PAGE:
Sperm cell smears were prepared in each center for sperm morphology analysis. Morphology was studied according to David’s classification modified by Jouannet [18, 19]. We calculated the multiple anomalies index (MAI) which was the number of anomalies per abnormal spermatozoon. In order to reduce interoperator variability, sperm morphology analysis was performed blindly by a single technician in the Toulouse center.
The remaining semen sample was mixed with a cryoprotectant, frozen in straws within 1 h of collection and stored in liquid nitrogen according to the standard procedures used for sperm banking in the laboratories. All samples were stored in the Germethèque Biobank (BB-0033-00081, France) until further analysis centralized in Toulouse.
Sperm chromatin and DNA fragmentation exploration
Sperm chromatin condensation was evaluated in each center by aniline blue staining of semen samples fixed with 3% glutaraldehyde according to a previously published method .
Sperm DNA fragmentation index (DFI) and high DNA stainability (HDS) were measured by conventional sperm chromatin structure assay (SCSA) described by Evenson and Jost and routinely used in our laboratory as previously published .
DNA strand breaks were measured using the terminal deoxynucleotidyl transferase dUTP nick end labeling (TUNEL) assay according to a previously published method .
SCSA and TUNEL assay were centralized in the Toulouse laboratory. 5000 and 10,000 cells were analyzed by SCSA and TUNEL, respectively, by fluorescence-activated cell sorting (FACS) on a FC500 cytometer (Beckman Coulter Inc, Fullerton, CA, USA).
Sperm fluorescence in situ hybridization (FISH)
In the Toulouse center, cells were thawed and then washed twice with 5 ml PBS and centrifugation at 630 g. Samples were then fixed with fixation solution (acetic acid and methyl alcohol) for 30 min at 4 °C. After centrifugation at 1500 g, the supernatant was discarded and the pellet resuspended. 10 μl were dropped on a slide and cell density was verified by microscopy and adjusted accordingly. Slides were incubated for a minimum of 2 h at − 20 °C. DNA was decondensed by incubating slides in 1 M NaoH for 1 min, washed twice in SSC, then dehydrated in 70%, 90% and 100% ethyl alcohol baths (2 min each). Each slide was then incubated overnight with the different probes at 37 °C (Vysis probes (Abbott), CEP X spectrum green, CEP Y spectrum orange and CEP 18 spectrum aqua). After a 2 min wash in 2SSC 0.4% NP40 at 73 °C followed by a 1 min wash in 2SSC 03% NP40, slides were incubated with 1/2000e Hoechst for 3 min and washed for 3 min in PBS. Slides were finally mounted with Antifade mounting medium (Promega, Germany) and stocked at − 20 °C until read. Slides were analyzed under a Leica DM 6000 B microscope system. At least 5000 cells were read by a single reader for each slide.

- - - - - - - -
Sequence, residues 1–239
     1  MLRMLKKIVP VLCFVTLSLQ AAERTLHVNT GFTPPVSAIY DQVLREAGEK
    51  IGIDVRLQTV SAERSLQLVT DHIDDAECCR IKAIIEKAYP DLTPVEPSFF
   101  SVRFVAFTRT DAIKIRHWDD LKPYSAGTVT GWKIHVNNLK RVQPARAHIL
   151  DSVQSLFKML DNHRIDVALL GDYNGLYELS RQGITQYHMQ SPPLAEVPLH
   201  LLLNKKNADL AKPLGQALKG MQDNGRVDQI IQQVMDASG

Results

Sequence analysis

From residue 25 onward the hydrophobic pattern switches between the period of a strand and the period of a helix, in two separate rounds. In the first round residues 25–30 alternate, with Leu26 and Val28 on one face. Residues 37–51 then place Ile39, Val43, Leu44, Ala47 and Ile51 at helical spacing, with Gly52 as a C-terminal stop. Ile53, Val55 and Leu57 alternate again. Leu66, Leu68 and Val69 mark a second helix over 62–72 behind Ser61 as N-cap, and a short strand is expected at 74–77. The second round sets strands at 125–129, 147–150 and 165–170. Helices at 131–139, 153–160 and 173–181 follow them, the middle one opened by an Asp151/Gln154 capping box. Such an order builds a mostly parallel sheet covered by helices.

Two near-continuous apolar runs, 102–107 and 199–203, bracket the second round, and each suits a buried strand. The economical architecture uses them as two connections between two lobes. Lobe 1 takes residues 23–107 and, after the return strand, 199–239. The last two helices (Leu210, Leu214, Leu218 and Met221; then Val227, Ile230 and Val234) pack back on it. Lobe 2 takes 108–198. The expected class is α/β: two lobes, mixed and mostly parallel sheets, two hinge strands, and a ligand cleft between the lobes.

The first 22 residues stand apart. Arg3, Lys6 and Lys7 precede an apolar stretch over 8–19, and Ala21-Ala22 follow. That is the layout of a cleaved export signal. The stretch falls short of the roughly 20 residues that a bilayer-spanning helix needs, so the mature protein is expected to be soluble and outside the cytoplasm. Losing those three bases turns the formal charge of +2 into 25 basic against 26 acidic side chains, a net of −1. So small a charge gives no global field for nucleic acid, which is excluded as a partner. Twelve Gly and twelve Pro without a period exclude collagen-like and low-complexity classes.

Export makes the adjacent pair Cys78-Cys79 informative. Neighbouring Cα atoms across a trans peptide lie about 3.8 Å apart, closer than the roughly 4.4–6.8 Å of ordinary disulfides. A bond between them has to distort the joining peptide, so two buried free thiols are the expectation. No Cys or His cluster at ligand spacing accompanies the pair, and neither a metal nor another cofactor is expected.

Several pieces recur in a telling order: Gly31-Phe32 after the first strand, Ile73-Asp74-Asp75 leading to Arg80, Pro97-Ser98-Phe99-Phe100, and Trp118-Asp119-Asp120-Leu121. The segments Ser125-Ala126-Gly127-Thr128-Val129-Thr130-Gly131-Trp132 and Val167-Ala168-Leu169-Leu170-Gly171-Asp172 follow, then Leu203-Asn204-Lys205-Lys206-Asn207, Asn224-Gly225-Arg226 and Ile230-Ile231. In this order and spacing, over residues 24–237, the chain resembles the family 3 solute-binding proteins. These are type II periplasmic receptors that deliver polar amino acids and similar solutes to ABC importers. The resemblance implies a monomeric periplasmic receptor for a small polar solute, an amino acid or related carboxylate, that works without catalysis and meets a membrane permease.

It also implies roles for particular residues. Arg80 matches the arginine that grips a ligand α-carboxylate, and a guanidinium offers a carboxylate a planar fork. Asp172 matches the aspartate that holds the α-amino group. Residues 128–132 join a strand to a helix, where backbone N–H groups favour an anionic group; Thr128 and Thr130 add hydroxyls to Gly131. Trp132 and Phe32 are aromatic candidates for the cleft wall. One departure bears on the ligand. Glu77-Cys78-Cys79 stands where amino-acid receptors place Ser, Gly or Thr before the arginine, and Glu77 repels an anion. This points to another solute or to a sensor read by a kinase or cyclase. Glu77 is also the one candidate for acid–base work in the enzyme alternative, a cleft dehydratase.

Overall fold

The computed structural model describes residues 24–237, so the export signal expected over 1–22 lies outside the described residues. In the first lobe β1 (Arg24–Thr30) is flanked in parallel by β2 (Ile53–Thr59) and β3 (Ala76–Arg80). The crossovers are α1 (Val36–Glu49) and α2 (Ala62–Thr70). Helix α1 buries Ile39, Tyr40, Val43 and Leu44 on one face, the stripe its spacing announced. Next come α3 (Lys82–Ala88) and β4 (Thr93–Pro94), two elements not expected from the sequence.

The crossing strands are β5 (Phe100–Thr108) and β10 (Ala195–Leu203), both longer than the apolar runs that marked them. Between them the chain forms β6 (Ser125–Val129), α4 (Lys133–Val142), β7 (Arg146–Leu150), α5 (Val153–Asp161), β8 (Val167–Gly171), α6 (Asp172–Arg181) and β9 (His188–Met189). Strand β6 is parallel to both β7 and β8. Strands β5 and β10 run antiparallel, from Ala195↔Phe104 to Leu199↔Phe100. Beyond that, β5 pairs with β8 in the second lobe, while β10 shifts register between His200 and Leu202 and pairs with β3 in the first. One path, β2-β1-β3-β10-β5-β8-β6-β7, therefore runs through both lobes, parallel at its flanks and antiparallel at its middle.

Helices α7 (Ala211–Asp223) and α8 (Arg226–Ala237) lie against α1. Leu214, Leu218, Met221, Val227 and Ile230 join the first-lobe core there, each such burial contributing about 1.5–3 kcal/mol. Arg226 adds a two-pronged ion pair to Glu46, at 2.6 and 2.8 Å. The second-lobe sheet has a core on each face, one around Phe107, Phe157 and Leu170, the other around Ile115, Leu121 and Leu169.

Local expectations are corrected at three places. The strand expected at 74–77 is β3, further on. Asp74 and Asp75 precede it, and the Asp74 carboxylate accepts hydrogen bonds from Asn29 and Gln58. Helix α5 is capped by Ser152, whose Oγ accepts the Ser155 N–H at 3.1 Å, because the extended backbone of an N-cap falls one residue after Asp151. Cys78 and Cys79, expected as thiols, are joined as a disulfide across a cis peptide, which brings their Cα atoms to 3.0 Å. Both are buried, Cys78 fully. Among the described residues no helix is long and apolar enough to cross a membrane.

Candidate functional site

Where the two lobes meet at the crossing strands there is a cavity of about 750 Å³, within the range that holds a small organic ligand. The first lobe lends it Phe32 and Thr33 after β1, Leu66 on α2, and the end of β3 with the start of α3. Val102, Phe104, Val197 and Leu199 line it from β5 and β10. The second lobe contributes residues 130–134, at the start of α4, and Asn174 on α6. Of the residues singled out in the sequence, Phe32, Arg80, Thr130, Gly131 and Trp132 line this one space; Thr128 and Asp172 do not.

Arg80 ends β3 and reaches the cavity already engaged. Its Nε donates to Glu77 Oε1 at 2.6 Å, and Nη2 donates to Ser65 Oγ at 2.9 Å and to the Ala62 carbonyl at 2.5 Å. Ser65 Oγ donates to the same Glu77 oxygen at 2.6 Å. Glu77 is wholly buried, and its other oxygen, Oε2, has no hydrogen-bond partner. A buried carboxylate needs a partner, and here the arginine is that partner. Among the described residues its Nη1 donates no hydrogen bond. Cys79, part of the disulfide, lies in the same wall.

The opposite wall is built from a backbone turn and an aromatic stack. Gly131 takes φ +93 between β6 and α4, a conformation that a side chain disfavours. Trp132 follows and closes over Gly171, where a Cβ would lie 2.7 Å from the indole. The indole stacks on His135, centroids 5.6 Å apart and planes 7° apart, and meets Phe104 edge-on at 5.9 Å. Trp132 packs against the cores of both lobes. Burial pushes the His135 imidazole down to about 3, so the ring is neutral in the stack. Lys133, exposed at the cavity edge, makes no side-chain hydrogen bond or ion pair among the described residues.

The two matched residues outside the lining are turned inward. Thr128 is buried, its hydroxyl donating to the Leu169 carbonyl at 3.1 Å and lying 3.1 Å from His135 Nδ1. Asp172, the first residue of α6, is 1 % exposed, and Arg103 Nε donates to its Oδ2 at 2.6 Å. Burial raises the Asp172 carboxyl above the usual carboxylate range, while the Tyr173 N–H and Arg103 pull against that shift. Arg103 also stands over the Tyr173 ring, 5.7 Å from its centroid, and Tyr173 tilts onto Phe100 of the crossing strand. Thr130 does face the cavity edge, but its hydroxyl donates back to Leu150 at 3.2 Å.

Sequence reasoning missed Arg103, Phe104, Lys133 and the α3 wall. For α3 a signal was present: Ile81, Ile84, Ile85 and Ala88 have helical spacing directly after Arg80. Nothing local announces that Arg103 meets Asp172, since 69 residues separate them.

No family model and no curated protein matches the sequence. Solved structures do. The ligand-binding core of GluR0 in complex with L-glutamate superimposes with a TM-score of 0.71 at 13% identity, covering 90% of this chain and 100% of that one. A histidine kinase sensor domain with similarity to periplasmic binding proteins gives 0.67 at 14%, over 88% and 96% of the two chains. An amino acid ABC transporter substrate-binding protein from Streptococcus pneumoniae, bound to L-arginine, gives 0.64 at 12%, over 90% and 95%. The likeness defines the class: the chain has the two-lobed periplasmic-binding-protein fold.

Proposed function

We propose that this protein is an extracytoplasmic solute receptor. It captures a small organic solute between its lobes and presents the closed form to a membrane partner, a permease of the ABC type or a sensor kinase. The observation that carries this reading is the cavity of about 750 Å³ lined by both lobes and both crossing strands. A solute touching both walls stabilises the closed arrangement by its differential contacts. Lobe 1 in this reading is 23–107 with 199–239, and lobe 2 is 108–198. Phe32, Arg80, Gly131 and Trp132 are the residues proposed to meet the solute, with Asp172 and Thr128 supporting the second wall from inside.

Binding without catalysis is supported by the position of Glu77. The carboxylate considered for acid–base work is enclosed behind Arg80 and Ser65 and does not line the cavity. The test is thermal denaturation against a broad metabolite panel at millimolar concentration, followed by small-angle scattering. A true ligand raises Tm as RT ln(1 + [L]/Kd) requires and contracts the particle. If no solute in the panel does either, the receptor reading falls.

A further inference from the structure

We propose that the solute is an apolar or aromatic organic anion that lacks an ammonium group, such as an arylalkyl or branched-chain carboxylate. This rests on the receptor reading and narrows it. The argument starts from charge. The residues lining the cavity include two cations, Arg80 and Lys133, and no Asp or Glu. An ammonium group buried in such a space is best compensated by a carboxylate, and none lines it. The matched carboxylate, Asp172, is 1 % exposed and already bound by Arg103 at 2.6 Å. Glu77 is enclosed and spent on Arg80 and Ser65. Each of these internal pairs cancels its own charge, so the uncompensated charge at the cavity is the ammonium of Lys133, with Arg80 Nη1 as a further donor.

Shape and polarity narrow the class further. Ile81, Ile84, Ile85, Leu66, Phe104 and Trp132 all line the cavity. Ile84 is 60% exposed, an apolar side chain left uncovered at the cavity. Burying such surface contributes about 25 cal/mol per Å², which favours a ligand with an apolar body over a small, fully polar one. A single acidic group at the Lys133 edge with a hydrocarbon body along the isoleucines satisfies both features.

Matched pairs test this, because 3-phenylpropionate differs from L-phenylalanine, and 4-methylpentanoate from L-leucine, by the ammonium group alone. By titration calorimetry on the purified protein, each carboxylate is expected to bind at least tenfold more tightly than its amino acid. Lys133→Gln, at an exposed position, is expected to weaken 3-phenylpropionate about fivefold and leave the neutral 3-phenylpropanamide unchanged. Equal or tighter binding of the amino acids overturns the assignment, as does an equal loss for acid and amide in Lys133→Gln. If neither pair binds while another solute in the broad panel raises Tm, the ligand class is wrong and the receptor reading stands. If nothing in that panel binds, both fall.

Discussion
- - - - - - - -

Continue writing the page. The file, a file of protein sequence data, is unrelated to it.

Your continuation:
Quantitative data were presented as median and interquartile range [q1–q3] due to the number of participants and as boxplots for graphic representation.
Standard non-parametric tests were used to compare cases and controls. For all quantitative data, the Mann-Whitney test was used. For qualitative data, differences between subgroups were tested with the Wilcoxon test and Fisher exact test. A non-parametric Spearman correlation was performed to analyze the relationships between various sperm parameters and FISH results, as well as sperm DNA fragmentation results and FISH results. All univariate and multivariate analyses were performed using SAS 9.3 software and the significance level was defined as 5%.
The datasets used and analysed during the current study are available from the corresponding author on reasonable request.